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Realtors Doubt Expected Property Tax Hikes Will Hurt Sales


What goes down must go up, or so it will be for thousands of Ventura County property owners facing higher property taxes this year for gains realized through booming real estate values, officials said Wednesday.

Tax increases could be as high as 25%, though most will be less than half that gain, for nearly 40,000 property owners.

It is a turnabout from the early '90s when property prices plummeted and thousands of parcels were reassessed downward. During those years, 75,000 landowners got a tax break, but those days have come to an end.

Realtors say the higher tax bills shouldn't curb the steady demand for homes, which pushed median prices up 8.7% in 1999.

"We might see a little bit of a deceleration in the market, but not a complete halt," said Kay Wilson-Bolton, president of Ventura County Coastal Assn. of Realtors.

"The good news," said Dan Goodwin, Ventura County assessor, "is the strong economy has restored equity to thousands of property owners who were hurt by the slump in the market. The bad news is the assessor is required to restore the assessments."

Come July, notices of reassessed property values are expected to arrive in mailboxes. About 38,000 owners will be affected this year and another 21,000 will be affected next year, although it is too early to say what the amount of increase will be in 2001. The rest of the property owners subject to increased taxes were notified last year, Goodwin explained.

High-value properties will be most affected, including businesses, homes and industrial centers. Some of the highest valued properties include those owned by Amgen, Southern California Edison Co., and The Oaks mall in Thousand Oaks, Goodwin said.

"These are the biggest taxpayers, the commercial and industrial properties. There are no big, rich houses that are more valuable than these industrial properties," Goodwin said.

The assessor offered this example of an average single-family house in Newbury Park to illustrate the property tax roller coaster of recent years. The value of one house fell from its peak of $236,000 a decade ago to $195,000 in 1995, which resulted in property taxes of about $1,950, a 17.5% drop. But last year, the house was worth $220,000, so property taxes--not counting special assessments--will increase to about $2,200, about 12.8% higher.


A robust economy and strong real estate sales boosted the assessed valuation of property in Ventura County by an estimated 7.5% last year--the largest single-year gain in 22 years.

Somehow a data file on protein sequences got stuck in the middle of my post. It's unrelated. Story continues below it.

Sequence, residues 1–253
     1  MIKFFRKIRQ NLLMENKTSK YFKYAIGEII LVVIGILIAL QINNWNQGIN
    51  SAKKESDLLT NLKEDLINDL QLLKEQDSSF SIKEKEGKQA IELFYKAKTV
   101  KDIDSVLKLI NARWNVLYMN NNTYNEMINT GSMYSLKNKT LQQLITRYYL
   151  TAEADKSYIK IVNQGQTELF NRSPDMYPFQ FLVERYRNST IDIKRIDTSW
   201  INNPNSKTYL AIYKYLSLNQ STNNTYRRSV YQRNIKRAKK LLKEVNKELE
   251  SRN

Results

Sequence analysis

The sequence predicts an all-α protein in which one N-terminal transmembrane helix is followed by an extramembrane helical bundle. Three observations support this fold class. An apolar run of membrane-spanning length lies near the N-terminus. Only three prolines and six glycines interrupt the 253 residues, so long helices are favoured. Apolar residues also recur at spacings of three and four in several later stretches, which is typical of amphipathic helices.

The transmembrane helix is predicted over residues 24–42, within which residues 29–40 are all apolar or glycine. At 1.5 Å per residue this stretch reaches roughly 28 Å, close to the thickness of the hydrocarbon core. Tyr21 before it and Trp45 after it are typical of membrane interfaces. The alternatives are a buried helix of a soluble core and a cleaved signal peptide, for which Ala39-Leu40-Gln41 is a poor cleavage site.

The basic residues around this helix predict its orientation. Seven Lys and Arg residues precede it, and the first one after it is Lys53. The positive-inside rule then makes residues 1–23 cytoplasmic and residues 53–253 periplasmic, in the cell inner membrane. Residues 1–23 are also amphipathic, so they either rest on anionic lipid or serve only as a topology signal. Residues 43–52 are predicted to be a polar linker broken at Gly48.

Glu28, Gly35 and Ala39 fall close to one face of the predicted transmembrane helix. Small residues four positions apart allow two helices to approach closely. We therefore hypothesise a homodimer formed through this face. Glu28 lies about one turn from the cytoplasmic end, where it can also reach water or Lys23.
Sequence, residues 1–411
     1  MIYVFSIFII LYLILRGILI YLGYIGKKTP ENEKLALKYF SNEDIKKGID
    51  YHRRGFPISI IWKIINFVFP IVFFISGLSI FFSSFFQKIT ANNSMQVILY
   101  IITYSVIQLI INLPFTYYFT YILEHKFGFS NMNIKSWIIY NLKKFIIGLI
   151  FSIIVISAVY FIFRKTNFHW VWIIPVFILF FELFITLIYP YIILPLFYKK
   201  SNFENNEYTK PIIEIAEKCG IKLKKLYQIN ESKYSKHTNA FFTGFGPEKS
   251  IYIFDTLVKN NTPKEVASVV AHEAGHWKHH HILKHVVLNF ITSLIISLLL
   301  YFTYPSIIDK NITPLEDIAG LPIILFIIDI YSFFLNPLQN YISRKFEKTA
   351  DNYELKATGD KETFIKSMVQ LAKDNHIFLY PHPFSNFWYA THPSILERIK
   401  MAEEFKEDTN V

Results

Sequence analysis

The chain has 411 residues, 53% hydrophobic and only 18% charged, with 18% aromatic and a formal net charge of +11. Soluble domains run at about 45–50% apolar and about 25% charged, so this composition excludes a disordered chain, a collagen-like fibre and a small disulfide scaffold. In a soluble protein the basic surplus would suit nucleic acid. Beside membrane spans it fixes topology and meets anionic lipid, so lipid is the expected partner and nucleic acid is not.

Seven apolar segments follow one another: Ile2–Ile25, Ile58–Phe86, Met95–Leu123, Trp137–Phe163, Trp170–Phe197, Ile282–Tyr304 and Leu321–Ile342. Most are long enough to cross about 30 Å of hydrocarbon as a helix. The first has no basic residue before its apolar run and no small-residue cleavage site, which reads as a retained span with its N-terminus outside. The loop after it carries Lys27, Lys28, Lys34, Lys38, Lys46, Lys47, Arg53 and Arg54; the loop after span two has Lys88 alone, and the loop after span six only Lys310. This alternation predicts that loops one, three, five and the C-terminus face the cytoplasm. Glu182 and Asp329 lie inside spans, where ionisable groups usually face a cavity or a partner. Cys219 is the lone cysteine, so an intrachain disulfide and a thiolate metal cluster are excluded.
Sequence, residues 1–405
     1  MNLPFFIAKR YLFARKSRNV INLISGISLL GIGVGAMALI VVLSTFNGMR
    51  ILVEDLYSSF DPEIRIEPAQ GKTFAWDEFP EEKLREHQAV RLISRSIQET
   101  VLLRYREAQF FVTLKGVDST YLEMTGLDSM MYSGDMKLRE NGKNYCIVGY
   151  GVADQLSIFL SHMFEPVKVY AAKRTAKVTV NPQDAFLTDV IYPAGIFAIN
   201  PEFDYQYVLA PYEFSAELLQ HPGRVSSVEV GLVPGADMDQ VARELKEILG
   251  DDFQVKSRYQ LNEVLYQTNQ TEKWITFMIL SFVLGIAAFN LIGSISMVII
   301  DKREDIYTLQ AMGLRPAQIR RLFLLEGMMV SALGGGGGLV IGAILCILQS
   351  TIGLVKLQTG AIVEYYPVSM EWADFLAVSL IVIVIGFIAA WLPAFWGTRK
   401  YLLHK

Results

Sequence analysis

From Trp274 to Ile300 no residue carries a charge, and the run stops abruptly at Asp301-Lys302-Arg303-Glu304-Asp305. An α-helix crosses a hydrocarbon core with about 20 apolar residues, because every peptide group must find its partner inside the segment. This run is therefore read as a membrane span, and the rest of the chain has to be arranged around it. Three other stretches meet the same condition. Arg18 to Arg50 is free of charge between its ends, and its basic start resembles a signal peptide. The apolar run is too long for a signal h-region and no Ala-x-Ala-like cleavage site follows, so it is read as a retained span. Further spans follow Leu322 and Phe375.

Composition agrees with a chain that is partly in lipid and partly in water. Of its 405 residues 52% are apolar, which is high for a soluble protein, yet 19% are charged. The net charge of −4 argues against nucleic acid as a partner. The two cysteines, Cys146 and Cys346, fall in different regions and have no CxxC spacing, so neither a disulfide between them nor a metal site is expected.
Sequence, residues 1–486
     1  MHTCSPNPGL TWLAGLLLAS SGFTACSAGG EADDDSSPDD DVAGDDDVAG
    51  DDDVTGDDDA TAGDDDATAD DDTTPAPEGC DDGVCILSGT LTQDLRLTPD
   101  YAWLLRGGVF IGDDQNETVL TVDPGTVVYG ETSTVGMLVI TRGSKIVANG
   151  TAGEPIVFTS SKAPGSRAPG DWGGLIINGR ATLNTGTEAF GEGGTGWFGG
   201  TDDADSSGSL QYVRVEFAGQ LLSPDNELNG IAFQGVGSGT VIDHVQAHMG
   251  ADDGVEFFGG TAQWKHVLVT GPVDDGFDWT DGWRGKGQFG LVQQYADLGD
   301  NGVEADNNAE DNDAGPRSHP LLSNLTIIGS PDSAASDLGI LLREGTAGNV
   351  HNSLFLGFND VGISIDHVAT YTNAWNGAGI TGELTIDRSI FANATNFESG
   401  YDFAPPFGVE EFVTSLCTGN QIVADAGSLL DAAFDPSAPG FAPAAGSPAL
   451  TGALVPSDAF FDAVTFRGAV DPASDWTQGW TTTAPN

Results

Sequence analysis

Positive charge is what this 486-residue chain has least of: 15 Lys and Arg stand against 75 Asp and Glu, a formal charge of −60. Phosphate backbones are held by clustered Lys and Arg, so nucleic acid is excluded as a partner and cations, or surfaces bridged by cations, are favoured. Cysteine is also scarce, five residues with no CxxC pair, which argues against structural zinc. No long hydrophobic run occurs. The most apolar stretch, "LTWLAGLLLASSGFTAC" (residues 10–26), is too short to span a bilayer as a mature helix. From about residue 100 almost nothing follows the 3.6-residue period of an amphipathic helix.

A record $55-billion worth of private property in the county is expected to generate nearly $100 million in taxes for county government at a time when the county is trying to regain fiscal stability. That's a $6.4-million increase beyond 1998 receipts. Goodwin emphasized that his figures are forecasts; firm numbers will not be known until July 1.

Realtor Wilson-Bolton said it would take more than a tax increase to scare away buyers.

"There is still such a buying frenzy this will not have any great impact," she said, adding that last year was the best year in three decades for California real estate agents.

"People are still feeling positive, this is an election year and unemployment is low. I expect another big year in real estate sales," she said.

Mike Saliba, executive director of the Ventura County Taxpayers Assn., said the increases were no reason for alarm.

"The increased assessments just bring the level back up to where it would have been and it only affects those whose taxes came down during the early '90s anyway," he said. "It is perfectly legal and everything is according to the book."


However, property owners can challenge the increased assessments if they think they are too high. Taxpayers can file an appeal and receive a hearing before a three-member appeals panel.

Supervisor John Flynn, who chairs the panel, said 20,000 property owners filed appeals in the past decade to have property taxes lowered. He expects some will object to a tax increase, but he urged people to take a wider view.

"I think if people had their preference, people would like to see [property] values maintained rather than go down."

Polakovic is a Times staff writer; Blake is a Times Community News reporter.

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